At CES, we saw two different models of the Olly. One spun around energetically and chattered with a fast cadence, while another was a lot more deliberate and only spoke when talked to. This, Olly's creators say, is based on the personalities of its owners, which it can judge based on how they speak.
It's all based on AI and machine-learning smarts, which help Olly figure out your interests and your daily routine. It's also able to recognize different household members by their voices, and will adjust its personality to suit each person.
Functionally, Olly is pretty similar to that of Amazon Echo or Google Home. You can use it to control your other smart devices, ask for the weather, schedule appointments and search for information on the internet. The unique characteristic of Olly lies in its personality and what it learns about you over time. So if you find out it's raining tomorrow, for example, it might suggest you read a book, and it could even recommend which book. Or if it might know what music to play when you make breakfast in the morning before you even have to request it.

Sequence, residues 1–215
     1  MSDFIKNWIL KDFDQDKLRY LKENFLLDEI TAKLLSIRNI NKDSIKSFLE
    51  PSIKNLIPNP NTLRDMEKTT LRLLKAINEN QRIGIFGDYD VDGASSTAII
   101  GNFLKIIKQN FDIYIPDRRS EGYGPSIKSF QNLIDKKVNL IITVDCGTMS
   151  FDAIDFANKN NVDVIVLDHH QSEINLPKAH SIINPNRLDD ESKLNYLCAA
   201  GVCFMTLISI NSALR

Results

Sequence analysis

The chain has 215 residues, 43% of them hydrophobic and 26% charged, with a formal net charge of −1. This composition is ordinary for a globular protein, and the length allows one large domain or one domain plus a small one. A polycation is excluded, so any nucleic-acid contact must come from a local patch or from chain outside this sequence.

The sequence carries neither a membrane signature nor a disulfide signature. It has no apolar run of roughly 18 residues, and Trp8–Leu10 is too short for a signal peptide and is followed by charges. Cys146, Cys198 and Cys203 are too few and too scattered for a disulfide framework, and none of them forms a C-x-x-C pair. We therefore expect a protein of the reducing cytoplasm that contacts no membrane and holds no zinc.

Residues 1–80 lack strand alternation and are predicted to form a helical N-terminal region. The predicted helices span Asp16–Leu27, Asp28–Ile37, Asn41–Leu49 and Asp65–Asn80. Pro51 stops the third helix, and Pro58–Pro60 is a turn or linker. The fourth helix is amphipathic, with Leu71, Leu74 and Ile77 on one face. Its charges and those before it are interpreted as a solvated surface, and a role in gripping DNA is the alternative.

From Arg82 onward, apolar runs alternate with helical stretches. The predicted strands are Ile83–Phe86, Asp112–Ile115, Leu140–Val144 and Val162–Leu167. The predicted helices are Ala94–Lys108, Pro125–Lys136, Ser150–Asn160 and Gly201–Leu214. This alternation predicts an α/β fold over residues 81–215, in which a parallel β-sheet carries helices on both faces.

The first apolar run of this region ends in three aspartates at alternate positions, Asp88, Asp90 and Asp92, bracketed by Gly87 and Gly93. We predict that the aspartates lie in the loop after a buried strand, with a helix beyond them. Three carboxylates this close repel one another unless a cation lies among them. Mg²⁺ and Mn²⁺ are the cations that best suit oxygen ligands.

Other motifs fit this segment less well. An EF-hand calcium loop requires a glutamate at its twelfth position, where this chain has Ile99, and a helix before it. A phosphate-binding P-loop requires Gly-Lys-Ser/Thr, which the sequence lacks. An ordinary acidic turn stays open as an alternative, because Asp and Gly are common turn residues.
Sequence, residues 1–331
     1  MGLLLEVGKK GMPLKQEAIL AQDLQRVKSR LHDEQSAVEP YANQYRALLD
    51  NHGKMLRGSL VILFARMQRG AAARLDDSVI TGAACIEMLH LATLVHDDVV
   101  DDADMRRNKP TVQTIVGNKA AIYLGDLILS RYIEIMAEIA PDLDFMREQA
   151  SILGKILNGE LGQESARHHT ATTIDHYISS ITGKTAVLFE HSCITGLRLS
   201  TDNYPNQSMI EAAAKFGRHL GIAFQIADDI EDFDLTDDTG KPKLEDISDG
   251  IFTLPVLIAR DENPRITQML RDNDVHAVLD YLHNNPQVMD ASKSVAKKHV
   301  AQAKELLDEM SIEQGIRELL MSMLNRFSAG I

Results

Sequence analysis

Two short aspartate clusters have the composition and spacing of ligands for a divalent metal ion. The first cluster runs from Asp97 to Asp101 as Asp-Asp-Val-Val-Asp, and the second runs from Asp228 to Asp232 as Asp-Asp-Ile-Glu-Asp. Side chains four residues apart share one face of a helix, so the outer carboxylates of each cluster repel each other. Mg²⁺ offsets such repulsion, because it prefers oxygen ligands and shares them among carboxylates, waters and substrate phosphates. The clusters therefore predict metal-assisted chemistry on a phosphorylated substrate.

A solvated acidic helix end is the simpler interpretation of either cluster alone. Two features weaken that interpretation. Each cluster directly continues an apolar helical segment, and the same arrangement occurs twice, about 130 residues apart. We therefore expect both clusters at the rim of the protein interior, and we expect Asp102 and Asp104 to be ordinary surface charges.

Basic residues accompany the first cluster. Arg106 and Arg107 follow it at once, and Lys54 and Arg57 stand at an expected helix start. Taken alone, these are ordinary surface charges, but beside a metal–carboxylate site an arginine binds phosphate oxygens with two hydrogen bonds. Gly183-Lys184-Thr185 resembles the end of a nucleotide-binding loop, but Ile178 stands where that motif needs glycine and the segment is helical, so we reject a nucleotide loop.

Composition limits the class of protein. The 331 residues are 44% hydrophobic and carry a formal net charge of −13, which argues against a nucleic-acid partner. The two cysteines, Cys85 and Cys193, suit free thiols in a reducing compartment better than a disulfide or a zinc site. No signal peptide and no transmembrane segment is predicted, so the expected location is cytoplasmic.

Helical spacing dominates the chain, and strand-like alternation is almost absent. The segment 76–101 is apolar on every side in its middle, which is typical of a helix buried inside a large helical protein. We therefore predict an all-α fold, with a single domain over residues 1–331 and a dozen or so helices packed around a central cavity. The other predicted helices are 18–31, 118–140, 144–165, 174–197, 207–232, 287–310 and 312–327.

The Olly devices we saw at the show were prototypes, but we hear that they should be out later this year, for a yet-to-be-disclosed price.
Richard Lawler contributed to this report.
Click here to catch up on the latest news from CES 2017.